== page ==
New Name For Bird’s Nest?

Officials at the National Stadium in Beijing, China, will likely embrace a Western philosophy after the 2008 Summer Olympic Games by seeking naming rights to the massive structure.

Leverage Agency CEO Ben Sturner, whose New York-based company is helping to broker deals for the “Bird’s Nest” and the accompanying “Water Cube” Aquatic Center, told the Wall Street Journal six undisclosed multinational companies are competing for title rights to the stadium.

Ten companies are competing for partnerships, such as soft drink and technology firms. The Aquatic Center would have only similar partnership rights.

“I would call it the most valuable piece of real estate in the world right now,” Sturner told the WSJ. A 30-year naming rights deal for the $500 million stadium could be in the hundreds of millions.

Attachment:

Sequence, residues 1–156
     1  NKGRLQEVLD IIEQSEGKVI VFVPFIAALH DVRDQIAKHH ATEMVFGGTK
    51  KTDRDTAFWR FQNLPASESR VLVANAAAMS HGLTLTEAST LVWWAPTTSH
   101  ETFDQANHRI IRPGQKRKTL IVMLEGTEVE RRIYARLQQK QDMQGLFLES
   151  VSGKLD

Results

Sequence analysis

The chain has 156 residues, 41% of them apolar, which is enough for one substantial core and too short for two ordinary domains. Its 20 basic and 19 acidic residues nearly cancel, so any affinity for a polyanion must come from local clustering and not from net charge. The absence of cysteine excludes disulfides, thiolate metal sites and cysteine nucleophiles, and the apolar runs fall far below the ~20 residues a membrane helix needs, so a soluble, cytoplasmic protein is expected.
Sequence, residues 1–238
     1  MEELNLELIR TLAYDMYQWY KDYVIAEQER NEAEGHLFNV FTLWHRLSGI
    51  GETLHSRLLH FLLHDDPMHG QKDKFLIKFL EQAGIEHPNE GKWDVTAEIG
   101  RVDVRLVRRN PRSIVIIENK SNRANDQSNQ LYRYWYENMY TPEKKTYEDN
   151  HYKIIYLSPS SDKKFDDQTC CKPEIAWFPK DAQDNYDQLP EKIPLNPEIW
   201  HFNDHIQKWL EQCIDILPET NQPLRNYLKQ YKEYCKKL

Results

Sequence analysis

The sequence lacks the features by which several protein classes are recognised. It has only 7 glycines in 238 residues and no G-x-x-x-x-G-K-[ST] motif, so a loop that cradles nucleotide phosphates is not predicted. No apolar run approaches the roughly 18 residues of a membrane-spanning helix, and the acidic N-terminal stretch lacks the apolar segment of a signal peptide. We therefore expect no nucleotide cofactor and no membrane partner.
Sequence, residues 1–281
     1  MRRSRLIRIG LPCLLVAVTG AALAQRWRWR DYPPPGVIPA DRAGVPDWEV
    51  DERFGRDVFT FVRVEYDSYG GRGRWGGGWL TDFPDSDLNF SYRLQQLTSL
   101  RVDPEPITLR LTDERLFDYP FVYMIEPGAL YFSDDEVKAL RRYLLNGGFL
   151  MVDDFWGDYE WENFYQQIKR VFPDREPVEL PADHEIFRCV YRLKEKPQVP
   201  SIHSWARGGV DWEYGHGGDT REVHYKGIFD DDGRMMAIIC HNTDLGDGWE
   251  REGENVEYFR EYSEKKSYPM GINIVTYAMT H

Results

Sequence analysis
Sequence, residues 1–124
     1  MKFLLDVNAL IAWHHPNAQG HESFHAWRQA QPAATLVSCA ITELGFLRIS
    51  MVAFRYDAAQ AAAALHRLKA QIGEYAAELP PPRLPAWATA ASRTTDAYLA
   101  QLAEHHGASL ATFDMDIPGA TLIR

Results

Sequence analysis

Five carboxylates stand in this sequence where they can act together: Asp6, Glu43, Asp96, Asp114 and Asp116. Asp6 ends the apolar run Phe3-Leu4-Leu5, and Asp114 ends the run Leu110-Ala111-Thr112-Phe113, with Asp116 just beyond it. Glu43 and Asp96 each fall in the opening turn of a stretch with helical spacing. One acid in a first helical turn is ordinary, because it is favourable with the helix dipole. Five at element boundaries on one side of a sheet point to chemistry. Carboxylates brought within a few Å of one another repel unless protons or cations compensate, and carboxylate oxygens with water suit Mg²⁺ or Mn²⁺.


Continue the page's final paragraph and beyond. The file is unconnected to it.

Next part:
Potential buyers include Coca-Cola, Lenovo Group and Adidas, although Adidas told the paper it has never put its name on any venue and Coke wouldn’t comment on future marketing activities.

Although some Western companies have drawn criticism, such as Starbucks, which built a shop in Beijing’s iconic Forbidden City, a Nielsen Co. survey found 70 percent of people in five big Chinese cities accepted the idea of naming rights in principle, Sturner told WSJ.

The Bird’s Nest established a new Chinese private-public ownership model, with Chinese company Citic Group owning 42 percent of the building and rights to operate it for 30 years, the paper reported.

NBA China is also in talks with AEG Worldwide to sell naming rights to Beijing’s Wukesong arena, which is hosting basketball games during the Olympics. The two entities jointly operate the facility and have been rumored to be interested in building as many as 12 arenas for an NBA league planned in the country.